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Effective dispersion model in multimode fiber


Recently, the team of Martin Villiger of Wilman Optoelectronic Medical Center at Harvard Medical School and Massachusetts General Hospital reported an effective parameter dispersion model, verified the effectiveness of the model in various multimode fibers, and demonstrated the accurate estimation of the complete transmission matrix within the wide spectral bandwidth, and the results can approach the bandwidth of the best performance main mode and exceed the original spectral correlation width by more than two orders of magnitude. This model makes it easy to study the spectral behavior of the main mode without the need for intensive spectral measurements, enabling efficient reconstruction of multimode fiber transmission matrices.

Managing and controlling light scattering in complex or disordered media opens up new possibilities for imaging, sensing, and manipulation in optical engineering and physics. Dispersion creates additional spectral perturbations due to geometric effects and material properties, which until now remain a significant technical hurdle prevalent in multicolor or broadband applications in complex media. The transmission of light in complex media produces independent intensity distributions outside the narrow spectrum correlation range, which facilitates spectral analysis, but requires independent calibration at many frequencies for precise multispectral wave control. However, this results in heavy measurement time and data storage, which is linearly proportional to the sampling rate determined by spectral bandwidth and resolution.

Due to its advantages of high throughput, low loss, determination of degrees of freedom, small external size, controllable geometry and significant dispersion, optical multimode fiber has become an ideal tool for studying complex media transmission. The principal mode, the eigenmode of the group delay operator, defines a pair of specific input and output modes that are not affected by wavelength variations. However, master-mode superposition generalized to arbitrary input modes results in a chaotic output that is very sensitive to wavelength changes. Chromatographic axial memory effects have been shown to correlate with the spectral shift of the input illumination and the axial isotope expansion of the output speckle pattern. Whether this effect applies to all available spatial channels is studied, but it proves that multimode fiber transmission matrices are highly deterministic wavelength dependent.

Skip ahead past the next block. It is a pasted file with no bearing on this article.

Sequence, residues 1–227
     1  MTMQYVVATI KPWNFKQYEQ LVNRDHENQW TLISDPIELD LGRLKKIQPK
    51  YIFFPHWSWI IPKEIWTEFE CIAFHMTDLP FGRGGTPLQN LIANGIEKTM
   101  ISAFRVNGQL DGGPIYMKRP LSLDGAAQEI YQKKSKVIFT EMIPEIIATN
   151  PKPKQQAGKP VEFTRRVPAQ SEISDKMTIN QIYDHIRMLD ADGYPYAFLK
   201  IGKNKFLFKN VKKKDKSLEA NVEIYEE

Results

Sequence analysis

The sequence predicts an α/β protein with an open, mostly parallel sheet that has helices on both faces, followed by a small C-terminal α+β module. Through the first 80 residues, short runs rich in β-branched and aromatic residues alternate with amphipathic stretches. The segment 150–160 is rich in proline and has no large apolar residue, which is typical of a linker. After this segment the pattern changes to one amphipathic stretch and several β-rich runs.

Here, the researchers modeled the difference between the transmission matrices of the two frequencies into an exponential map, thus establishing a parametric dispersion model of transmission through multimode fiber.

In single-mode fibers, polarization-dependent dispersion is modeled with a Jones matrix, described by an exponential mapping of a special unitary group SU(2), and used to analyze the main states of polarization mode dispersion. As shown in Figure 1, the researchers extended this concept to the higher dimensions of the transmission matrix. Due to the limited parameter space of this model, it can be fitted to experimental transmission matrix measurements of a few discrete frequencies and predict the transmission matrix over a wide range of frequencies.